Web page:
South Korea became the first major Asian consumer of Iranian crude to announce a halt to imports after the government said they would be suspended from July 1 due to a European Union ban on insuring tankers carrying Iranian oil.
The insurance ban makes it almost impossible to ship Iranian oil as most insurance is undertaken by EU-based companies and the move comes as part of a series of measures designed to put pressure on Iran to halt what the United States and others say is a nuclear weapons program.
South Korea depends on the United States for security, but it has no natural resources and has been scrambling for alternative crude supplies to replace those from a country that supplied 9.4 percent of its needs in 2011.
The world’s fourth largest buyer of Iranian crude said it has no plan to provide state guarantees, like Japan, to continue its imports. Another two major Asian buyers, China and India, will allow Iran to deliver the crude from July.
“South Korea’s imports of Iranian oil will be suspended, as the EU will suspend crude imports from Iran and also halt its insurance and reinsurance cover on the crude imports from July 1,” a joint statement from the economy, finance and foreign affairs ministries said.
“The government will continue to make efforts to minimize impacts on domestic industry and the economy including oil supply, and exports to Iran, although the imports of Iranian oil are suspended,” the statement said.
The official confirmation follows a Reuters story on May 21 that had cited sources as saying South Korea would become the first of Iran’s major Asian customers to halt oil purchases.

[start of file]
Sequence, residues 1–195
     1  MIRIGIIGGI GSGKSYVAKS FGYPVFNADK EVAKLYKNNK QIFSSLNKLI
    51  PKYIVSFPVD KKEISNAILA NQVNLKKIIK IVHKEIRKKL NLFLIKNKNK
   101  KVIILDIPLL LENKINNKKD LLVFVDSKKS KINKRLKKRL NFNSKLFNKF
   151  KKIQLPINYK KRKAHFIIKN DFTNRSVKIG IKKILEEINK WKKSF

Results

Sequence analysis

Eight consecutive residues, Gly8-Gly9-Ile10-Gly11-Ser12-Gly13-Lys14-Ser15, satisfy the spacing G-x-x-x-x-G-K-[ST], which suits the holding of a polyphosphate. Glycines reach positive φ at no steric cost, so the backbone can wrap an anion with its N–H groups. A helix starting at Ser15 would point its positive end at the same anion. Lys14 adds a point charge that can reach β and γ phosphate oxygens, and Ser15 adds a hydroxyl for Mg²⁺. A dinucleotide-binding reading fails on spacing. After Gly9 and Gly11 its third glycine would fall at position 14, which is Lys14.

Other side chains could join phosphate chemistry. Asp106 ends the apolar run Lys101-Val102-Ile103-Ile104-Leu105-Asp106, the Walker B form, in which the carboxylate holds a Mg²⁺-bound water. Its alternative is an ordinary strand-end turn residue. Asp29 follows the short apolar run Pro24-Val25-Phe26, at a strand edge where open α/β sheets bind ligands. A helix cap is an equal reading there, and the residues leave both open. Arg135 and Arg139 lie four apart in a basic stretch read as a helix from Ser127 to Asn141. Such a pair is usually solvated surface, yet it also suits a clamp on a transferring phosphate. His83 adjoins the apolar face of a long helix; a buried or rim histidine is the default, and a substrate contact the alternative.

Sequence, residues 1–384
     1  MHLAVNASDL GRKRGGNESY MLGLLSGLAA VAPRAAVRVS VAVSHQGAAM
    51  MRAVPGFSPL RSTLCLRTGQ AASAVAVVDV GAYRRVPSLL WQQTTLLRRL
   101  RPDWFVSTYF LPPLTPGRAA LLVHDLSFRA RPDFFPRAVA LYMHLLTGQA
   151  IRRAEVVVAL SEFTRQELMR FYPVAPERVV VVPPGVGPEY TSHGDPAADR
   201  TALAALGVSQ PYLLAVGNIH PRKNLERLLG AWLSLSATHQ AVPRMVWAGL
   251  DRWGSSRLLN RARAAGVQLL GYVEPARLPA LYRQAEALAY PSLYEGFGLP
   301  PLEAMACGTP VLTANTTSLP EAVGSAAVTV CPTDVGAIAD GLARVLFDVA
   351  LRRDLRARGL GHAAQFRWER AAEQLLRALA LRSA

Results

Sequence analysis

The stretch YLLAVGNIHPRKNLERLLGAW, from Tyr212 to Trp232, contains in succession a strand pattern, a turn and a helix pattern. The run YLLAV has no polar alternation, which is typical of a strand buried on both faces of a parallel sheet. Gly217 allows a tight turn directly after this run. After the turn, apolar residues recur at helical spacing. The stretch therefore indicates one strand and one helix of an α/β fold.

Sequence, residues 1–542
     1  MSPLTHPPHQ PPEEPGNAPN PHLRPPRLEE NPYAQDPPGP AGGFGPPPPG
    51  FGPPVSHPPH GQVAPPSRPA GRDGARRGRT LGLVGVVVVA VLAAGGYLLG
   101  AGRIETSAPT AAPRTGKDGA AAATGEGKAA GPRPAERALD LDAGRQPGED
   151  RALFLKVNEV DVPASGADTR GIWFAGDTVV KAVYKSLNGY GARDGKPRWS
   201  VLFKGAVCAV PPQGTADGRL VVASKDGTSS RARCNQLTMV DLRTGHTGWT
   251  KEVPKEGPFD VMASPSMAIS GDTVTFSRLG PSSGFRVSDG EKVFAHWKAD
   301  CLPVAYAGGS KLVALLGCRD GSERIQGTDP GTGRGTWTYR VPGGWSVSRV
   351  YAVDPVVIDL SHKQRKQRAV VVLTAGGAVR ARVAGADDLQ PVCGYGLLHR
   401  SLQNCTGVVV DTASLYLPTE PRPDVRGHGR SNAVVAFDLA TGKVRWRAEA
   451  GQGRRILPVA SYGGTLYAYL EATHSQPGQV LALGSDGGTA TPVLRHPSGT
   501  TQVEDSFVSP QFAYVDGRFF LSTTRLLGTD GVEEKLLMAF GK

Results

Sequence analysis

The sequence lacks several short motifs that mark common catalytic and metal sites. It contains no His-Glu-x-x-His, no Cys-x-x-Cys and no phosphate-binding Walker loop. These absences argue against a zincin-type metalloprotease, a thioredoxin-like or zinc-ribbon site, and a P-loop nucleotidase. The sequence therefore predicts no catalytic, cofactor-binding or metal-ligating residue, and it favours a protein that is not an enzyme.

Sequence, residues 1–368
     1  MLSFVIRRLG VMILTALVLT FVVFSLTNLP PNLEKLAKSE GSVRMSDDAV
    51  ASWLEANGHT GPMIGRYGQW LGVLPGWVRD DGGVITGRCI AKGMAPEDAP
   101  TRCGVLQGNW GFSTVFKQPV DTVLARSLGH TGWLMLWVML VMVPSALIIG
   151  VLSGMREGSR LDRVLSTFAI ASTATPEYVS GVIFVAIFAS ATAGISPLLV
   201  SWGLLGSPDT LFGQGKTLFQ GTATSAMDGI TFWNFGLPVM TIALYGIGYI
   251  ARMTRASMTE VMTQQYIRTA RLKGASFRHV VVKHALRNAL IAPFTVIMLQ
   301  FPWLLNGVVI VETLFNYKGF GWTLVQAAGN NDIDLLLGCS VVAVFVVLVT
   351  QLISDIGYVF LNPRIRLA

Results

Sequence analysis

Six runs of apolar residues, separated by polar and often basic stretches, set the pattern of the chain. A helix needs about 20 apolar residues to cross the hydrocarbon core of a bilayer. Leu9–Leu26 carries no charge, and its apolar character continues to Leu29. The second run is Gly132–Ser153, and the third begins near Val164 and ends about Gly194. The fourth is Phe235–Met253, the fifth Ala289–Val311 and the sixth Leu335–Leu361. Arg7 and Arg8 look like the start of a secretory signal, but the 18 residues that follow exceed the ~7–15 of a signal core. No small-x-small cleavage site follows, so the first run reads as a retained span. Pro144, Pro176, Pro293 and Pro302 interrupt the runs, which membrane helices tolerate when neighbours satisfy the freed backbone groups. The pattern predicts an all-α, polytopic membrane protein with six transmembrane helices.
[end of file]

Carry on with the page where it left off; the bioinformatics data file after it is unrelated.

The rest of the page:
EU governments on Monday approved an embargo on Iranian oil to start on July 1 and warned Iran that more pressure could be put in place if it continued to defy international demands for limits on its nuclear program.
Around 90 percent of the world’s tanker fleet is covered by Western-based protection and indemnity (P&I) clubs, which insure against personal injury and environmental clean-up claims.
Japan will provide sovereign guarantees for Iranian shipments; China has asked Iran to deliver the crude while India has said it would allow state refiners to import Iranian oil, with Tehran arranging shipping and insurance, from July 1.
MOST IRANIAN OIL REPLACED
South Korea’s economy ministry said it had already secured most of its replacement oil.
“Most of the Iranian oil has already been replaced by Iraq, Kuwait, Qatar and the United Arab Emirates, and also imports from the spot markets, although still some is left to be covered,” Moon Jaedo, deputy minister for international affairs at the economy ministry, told a briefing.
Moon said that South Korea had not planned to use state guarantees for Iranian shipments, as Japan had done.
South Korea’s imports of Iranian crude oil fell nearly 40 percent in May from a year earlier, according to official data, reflecting Seoul’s efforts to reduce purchases in return for a waiver from U.S. sanctions that could have hit its companies.
South Korea imported 29.22 million barrels from Iran during the first five months of the year, or about 192,000 barrels per day, down almost 16 percent from a year ago, data from the state-run Korea National Oil Corp showed on Monday.
The United States earlier this month extended exemptions from its sanctions on Iran’s oil trade to seven more countries including South Korea.
Of South Korea’s four refiners, only SK Energy and Hyundai Oilbank import Iranian crude. Sources said both refiners will stop importing from Iran when the EU insurance embargo takes effect from July 1.
It was not immediately clear what the two refiners will do with their existing contract to buy 200,000 bpd of Iranian oil in 2012.
The United States and the European Union accuse Iran of trying to build nuclear weapons. Tehran says the program is strictly for civilian purposes.
South Korea has also imposed curbs on exports of goods to Iran to reduce the risks of payment defaults.
Korean exporters usually receive payments via won-denominated deposits of the Iranian central bank that are generated by Iran’s oil sales here.
(Editing by David Chance and Ed Davies)